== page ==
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Fiddlin’ Around – April 2015

By Nancy Buchan

There’s just nothin’ like being somewhere remote and far away from human pollution and influences – and gazing up at a beautiful, clear night sky. After traveling all over and living in a variety of locations, I realize I’ve always managed to put myself in places where I could see the nighttime stars. Occasional boat experiences were mostly fun for me because of the vast scope of the heavens surrounding us. It was easy to feel like we were all part of them. When I lived at 9,000 feet in Colorado, I would get home from a gig at like 2 or 3 am, grab a sleeping bag and pillow, traipse up the hill to my favorite boulder to curl up on and ponder the stars. They were so close. They seemed so important and ancient. Meteor showers that were so in-my-face they were almost alarming. Northern lights that moved and pulsated and that you felt no one else could possibly be witnessing. I’ve never been good at remembering the names of the celestial bodies up there, but it really doesn’t matter. One night recently I sat on a comfy piece of driftwood next to the mighty Pacific – again humbled and awed by the stars – and started singing ‘star songs’ to myself. Every civilization and culture and geographical area has produced songs about stars, whether they were simple musical rhymes to help sailors navigate, or explanations of people’s religious beliefs, or pop ditties about starshine and stardust….

Starry nights

There’s a beautiful Woody Guthrie song called ‘California Stars’, the band Alabama put out a song ‘Southern Star’, Kenny Rogers had a song called ‘Evening Star’, Willie Nelson had hits with ‘Stardust’ and ‘Blue Skies’, the Beatles sang ‘Across the Universe’ and the funky band Earth Wind & Fire sang about a ‘Shining Star’.  Madonna recorded a song called ‘Lucky Star’ and the Grateful Dead performed the epic ‘Dark Star’.  ‘Good Morning Starshine’ was a hit from the musical “Hair”, and the Blue Oyster Cult did ‘Stairway to the Stars’. However, my favorites are a couple of old songs, and they have some interesting history.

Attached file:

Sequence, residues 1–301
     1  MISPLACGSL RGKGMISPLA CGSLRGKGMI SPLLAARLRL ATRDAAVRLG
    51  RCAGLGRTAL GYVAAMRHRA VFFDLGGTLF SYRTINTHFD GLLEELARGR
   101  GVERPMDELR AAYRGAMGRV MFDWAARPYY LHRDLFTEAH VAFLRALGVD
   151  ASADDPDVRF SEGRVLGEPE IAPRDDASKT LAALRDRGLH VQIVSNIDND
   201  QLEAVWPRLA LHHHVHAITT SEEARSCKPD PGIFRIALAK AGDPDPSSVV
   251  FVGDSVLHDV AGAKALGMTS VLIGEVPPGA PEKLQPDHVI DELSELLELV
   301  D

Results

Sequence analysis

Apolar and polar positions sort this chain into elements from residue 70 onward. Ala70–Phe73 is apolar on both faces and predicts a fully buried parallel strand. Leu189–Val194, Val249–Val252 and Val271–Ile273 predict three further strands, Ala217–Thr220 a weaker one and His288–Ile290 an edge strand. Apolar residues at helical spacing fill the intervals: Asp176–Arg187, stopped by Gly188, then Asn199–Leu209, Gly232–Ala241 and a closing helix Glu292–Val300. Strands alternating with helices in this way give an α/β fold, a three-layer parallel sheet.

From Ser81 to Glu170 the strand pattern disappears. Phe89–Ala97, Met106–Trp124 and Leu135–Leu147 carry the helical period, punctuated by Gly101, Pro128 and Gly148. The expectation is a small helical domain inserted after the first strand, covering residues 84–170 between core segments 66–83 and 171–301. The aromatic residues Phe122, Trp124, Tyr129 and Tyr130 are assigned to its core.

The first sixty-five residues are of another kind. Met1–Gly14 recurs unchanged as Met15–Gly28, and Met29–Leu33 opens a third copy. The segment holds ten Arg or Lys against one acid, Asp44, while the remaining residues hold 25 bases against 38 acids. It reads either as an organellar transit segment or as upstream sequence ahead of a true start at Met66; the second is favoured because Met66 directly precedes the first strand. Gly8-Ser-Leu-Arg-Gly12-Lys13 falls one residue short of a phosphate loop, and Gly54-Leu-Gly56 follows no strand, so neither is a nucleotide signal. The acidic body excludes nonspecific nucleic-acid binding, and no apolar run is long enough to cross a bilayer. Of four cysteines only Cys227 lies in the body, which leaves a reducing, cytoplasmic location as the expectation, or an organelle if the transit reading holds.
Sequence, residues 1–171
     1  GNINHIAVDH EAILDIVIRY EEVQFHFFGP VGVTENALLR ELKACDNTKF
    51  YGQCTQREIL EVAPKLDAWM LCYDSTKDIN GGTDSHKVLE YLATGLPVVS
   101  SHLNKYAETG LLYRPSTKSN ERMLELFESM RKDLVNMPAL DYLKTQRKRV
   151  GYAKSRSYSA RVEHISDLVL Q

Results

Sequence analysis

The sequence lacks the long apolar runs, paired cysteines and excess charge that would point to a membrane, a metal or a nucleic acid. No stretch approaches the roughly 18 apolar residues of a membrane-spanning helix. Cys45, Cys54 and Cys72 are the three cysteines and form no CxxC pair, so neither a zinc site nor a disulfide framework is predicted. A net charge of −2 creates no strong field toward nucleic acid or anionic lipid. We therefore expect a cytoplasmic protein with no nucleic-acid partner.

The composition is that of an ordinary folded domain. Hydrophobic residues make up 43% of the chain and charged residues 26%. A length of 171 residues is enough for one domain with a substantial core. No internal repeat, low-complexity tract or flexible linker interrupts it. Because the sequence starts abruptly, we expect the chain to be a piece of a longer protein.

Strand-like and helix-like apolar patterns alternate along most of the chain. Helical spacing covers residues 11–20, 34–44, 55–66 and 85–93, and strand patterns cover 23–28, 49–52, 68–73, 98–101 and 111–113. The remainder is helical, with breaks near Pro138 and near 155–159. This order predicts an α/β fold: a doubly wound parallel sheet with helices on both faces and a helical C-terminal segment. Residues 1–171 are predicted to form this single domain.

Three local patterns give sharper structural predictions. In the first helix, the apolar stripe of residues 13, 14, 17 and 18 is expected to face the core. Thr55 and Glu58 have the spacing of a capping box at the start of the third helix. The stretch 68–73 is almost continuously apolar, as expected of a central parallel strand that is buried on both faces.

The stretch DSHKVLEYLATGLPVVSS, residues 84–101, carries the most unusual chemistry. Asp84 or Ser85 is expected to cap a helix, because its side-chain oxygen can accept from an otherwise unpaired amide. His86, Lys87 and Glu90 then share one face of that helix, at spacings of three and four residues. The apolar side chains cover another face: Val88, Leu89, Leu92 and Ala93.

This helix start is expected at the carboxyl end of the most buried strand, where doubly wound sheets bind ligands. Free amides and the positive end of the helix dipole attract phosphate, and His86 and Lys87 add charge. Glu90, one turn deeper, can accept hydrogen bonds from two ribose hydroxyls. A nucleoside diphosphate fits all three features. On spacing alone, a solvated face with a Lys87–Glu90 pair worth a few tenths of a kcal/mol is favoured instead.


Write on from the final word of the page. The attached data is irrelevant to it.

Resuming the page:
Meteor shower in Alabama 1833

Meteor shower in Alabama 1833

There’s a 1937 jazz standard that was performed by everyone from the Guy Lombardo Orchestra to Ella Fitzgerald and Louis Armstrong to Jimmy Buffett, called ‘Stars Fell on Alabama’. Back in 1833 there was an extreme and spectacular occurrence of the Leonid meteor showers, which was visible in the southwest U.S., especially in Alabama. These showers happen when the Earth crosses the orbital path of a comet and encounters the dust particles and other solids that were dislodged when the comets outer surface begins to melt as it gets closer to the sun. People totally freaked out – there were some 30,000 streaking comets per hour going on – and many folks believed it was Judgment Day. They were repenting of their sins, praying and writing their wills. The only people who apparently weren’t scared were the Native American Indians, who interpreted meteors as a sign of good luck. It is the unofficial song for Jacksonville State University and it was stamped on all Alabama license plates for many years. “We lived our little drama, We kissed in a field of white, And stars fell on Alabama last night. Moonlight and magnolias, Starlight in your hair, All the world a dream come true. Did it really happen, was I really there, Was I really there with you?”